Rural Crimes Investigative Unit targets cattle, copper, equipment theft

The task force in charge of investigating agriculture theft has returned more than 2.8 million dollars in its two years of work.

Investigators in the Highway Patrol Rural Crimes Investigative Unit say cattle and copper are the two items stolen most from farmers. Sargent Jason Clark is an investigator with the unit, and he says this task force started two years ago and has been able to curb agriculture theft.

Clark says cattle are the most common livestock stolen, and copper is often stolen too, because both are easy to get rid of quickly, and both are very profitable.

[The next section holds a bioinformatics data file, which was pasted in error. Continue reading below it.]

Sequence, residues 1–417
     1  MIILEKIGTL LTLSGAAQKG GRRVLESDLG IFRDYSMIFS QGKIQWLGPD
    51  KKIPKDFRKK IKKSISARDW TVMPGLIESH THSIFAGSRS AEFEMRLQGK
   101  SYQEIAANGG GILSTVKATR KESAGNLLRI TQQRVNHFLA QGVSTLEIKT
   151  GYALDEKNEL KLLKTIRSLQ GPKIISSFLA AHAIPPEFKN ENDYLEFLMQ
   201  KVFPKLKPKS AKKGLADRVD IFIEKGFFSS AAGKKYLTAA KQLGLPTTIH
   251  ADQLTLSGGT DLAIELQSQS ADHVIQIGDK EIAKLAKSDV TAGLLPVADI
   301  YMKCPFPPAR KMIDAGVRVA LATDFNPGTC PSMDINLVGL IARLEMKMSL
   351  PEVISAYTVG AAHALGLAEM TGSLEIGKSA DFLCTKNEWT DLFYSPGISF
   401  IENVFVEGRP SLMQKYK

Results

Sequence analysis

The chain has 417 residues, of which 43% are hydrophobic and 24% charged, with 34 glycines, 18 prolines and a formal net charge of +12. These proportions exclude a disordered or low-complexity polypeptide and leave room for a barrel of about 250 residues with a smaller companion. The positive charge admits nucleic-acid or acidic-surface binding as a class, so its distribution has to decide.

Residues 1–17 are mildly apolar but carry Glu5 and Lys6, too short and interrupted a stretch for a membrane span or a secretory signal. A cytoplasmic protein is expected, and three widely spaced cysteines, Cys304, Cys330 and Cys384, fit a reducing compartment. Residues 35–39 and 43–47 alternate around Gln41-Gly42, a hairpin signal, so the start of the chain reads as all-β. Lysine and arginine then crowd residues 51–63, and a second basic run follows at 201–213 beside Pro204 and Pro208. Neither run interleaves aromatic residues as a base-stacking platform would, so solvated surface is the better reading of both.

He says cattle theft is very profitable – the average theft can bring in 15 to 18 thousand dollars. He says authorities have to act quickly in those cases because cattle can be moved quickly across state lines or sold to a slaughterhouse, and the victim can’t be compensated for it.

Clark says the best thing farmers can do is to lock up equipment and keep a neighborhood watch.

Teachers Want Compromise

Some Missouri teachers now say they’ll take a deal so they can use social networking.

The Missouri National Education Association says its working with those sponsoring the legislation that would all but ban them from using things like Facebook to communicate with their current or former minor-aged students. They’ve been told that their communications with students have to be public. Teachers and legislative staff members are working on changing the bill so that its still intact, but so teachers can also communicate with students. The Missouri State Teachers’ Association filed suit, saying the law violated teachers’ constitutional rights.